We have (at the university) a dual boot computer with Intel Composer installed both on Windows 7 (composer2011 update 4) and Linux Debian 6.0.4 (same composer).
On Windows I only had Fortran installed. Last Friday I decided to install also Intel C++ composer and MinGW. The installation was successful but now all the executables compiled in Fortran run 3 times slower! I tried both recompiling and running previously compiled executables and all run 3 times slower than before. These files use openmp and mkl (so they need the respective dlls in the path). I thought it must be either something wrong with the shared libraries or windows made an automatic update that changed something or the antivirus is playing games.
I tried: -disabling antivirus -removing mingw and any occurrence of it in the path, registry or c:\\ -removing C++ composer -removing all Intel Composer and Visual Studio 2008 and reinstalling -clearing the PATH and pointing explicitly to the mkl and omp containing directories -clearing the path, installing Intel redistributable libraries (update 4) and pointing to them in the path -clearing the path, installing Intel redistributable libraries (update 9) and pointing to them in the path
All the above gave me the same results, 3x slower execution. Under Linux, the execution is the same as always, so, it's probably not a hardware problem.
Compiled programs, particularly when using threads, are affected strongly by unrelated programs running under Windows. When I suspect this, I start up task manager, and typically see 1 or 2 threads busy on unknown stuff. Then I run a spyware cleaner. Spybot S&D seems safer (less aggressive) than others. Then reboot and see if the system has quieted. As you said, your virus checker may have similar effects; ideally, it should do that only when performing a scheduled (or postponed) scan.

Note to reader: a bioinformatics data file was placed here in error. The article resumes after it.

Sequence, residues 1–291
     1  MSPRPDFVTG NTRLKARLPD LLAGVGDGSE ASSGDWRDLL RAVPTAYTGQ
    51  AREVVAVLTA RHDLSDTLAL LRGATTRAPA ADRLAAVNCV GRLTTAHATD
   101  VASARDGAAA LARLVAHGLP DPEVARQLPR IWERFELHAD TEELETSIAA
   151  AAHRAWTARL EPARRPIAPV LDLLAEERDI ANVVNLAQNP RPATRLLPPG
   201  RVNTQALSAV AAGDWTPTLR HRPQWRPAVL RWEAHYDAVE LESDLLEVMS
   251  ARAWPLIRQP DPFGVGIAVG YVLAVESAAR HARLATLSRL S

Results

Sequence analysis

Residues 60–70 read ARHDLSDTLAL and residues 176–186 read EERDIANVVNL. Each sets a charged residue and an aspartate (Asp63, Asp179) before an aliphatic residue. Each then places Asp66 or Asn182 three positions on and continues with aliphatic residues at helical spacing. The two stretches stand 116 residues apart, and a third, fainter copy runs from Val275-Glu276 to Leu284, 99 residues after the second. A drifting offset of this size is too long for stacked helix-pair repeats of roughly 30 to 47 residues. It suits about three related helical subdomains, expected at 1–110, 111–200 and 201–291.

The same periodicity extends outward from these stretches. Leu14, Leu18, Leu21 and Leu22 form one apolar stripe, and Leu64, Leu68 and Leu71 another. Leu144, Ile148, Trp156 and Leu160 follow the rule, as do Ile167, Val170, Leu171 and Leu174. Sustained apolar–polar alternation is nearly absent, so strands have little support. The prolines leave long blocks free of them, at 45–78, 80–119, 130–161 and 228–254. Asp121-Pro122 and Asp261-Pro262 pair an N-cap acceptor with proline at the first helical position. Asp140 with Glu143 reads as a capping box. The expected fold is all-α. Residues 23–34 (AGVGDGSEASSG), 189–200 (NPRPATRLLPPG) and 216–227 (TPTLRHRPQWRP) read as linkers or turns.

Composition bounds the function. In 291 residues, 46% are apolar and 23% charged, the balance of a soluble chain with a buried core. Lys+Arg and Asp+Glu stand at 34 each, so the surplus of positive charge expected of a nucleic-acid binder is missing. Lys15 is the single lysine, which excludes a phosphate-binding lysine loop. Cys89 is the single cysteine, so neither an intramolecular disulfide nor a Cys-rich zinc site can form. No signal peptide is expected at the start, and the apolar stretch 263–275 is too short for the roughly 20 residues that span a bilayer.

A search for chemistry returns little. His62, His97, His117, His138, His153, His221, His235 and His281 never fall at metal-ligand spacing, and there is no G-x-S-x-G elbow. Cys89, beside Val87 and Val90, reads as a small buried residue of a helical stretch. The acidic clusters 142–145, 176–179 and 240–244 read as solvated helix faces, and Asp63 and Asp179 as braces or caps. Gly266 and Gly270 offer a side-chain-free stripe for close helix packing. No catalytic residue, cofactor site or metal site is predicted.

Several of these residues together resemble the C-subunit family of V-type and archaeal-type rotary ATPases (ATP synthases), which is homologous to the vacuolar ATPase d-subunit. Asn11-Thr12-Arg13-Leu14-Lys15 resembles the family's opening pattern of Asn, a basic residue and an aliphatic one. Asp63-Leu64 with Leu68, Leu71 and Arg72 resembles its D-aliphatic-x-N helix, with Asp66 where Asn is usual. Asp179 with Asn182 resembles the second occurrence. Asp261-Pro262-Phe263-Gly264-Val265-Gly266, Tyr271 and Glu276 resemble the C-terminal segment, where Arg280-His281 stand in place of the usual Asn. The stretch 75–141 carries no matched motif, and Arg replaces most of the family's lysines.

Thanks for the answer. I narrowed down the problem to being the dynamic libraries. Task manager showed everything to be quiet and my application was the only one that was consuming any CPU time. Tried Spybot with no luck.
I uninstalled everything and used Ccleaner to wipe every existence from the PC. I reinstalled Visual Studio 2008 and only the Fortran composer. The performance came back to the original!
Then I installed again MinGW and added the path, and again the performance was fine.
So, I ended up that maybe installing the C++ composer changed somehow the dynamic libraries? I will not reinstall it since I can use Visual Studio's C++ compiler for my needs. It looks strange though...
...So, I ended up that maybe installing the C++ composer changed somehow the dynamic libraries? I will not reinstall it since I can use Visual Studio's C++ compiler for my needs. It looks strange though...
You could useMicrosoft Dependency Walker to see differences in dependencies on DLLs for your program compiled with Intel and Microsoft C++ compilers.
Use windows debugger dump all processes look for waiting threads You must also run debugger command "runaway" in order to gain info which thread from your processe consume the largest cpu time. After finding culprit you can single-step thru the code to pinpoint the problem. While using debugger please enable option "Loader snaps" for this use gflags.exe which could be helpful to reveal dll loading failures. You may also consider to put breakpoint on dllmain function and see if it is called. Hope it helps.